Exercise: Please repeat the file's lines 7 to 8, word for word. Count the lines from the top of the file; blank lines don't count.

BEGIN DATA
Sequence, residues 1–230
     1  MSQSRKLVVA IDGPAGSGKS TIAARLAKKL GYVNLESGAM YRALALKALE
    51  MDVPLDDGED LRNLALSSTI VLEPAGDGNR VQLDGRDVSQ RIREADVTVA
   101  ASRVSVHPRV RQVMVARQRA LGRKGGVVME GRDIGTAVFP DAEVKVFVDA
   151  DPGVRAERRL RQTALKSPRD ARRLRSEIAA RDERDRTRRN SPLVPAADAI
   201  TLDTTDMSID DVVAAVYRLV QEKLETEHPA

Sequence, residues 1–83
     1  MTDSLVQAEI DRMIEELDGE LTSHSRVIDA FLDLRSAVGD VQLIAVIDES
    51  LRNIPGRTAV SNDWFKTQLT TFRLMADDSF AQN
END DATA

Sequence, residues 1–83
     1  MTDSLVQAEI DRMIEELDGE LTSHSRVIDA FLDLRSAVGD VQLIAVIDES